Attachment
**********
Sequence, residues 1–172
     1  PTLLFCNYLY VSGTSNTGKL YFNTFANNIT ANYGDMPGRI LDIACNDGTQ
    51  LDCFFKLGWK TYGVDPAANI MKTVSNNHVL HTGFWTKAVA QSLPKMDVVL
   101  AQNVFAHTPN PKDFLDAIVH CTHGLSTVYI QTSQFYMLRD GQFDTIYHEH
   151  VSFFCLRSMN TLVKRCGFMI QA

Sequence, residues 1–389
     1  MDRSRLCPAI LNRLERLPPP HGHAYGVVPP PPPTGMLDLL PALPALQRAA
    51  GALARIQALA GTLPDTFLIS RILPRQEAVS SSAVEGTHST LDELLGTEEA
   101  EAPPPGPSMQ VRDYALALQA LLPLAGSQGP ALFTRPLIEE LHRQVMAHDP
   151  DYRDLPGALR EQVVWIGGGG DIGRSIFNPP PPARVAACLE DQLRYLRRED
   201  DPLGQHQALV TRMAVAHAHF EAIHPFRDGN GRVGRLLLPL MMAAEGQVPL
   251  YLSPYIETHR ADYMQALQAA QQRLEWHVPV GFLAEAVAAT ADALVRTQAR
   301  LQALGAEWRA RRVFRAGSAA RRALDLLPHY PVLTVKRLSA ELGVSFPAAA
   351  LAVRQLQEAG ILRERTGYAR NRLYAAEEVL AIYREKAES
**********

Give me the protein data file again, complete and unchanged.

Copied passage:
Sequence, residues 1–172
     1  PTLLFCNYLY VSGTSNTGKL YFNTFANNIT ANYGDMPGRI LDIACNDGTQ
    51  LDCFFKLGWK TYGVDPAANI MKTVSNNHVL HTGFWTKAVA QSLPKMDVVL
   101  AQNVFAHTPN PKDFLDAIVH CTHGLSTVYI QTSQFYMLRD GQFDTIYHEH
   151  VSFFCLRSMN TLVKRCGFMI QA

Sequence, residues 1–389
     1  MDRSRLCPAI LNRLERLPPP HGHAYGVVPP PPPTGMLDLL PALPALQRAA
    51  GALARIQALA GTLPDTFLIS RILPRQEAVS SSAVEGTHST LDELLGTEEA
   101  EAPPPGPSMQ VRDYALALQA LLPLAGSQGP ALFTRPLIEE LHRQVMAHDP
   151  DYRDLPGALR EQVVWIGGGG DIGRSIFNPP PPARVAACLE DQLRYLRRED
   201  DPLGQHQALV TRMAVAHAHF EAIHPFRDGN GRVGRLLLPL MMAAEGQVPL
   251  YLSPYIETHR ADYMQALQAA QQRLEWHVPV GFLAEAVAAT ADALVRTQAR
   301  LQALGAEWRA RRVFRAGSAA RRALDLLPHY PVLTVKRLSA ELGVSFPAAA
   351  LAVRQLQEAG ILRERTGYAR NRLYAAEEVL AIYREKAES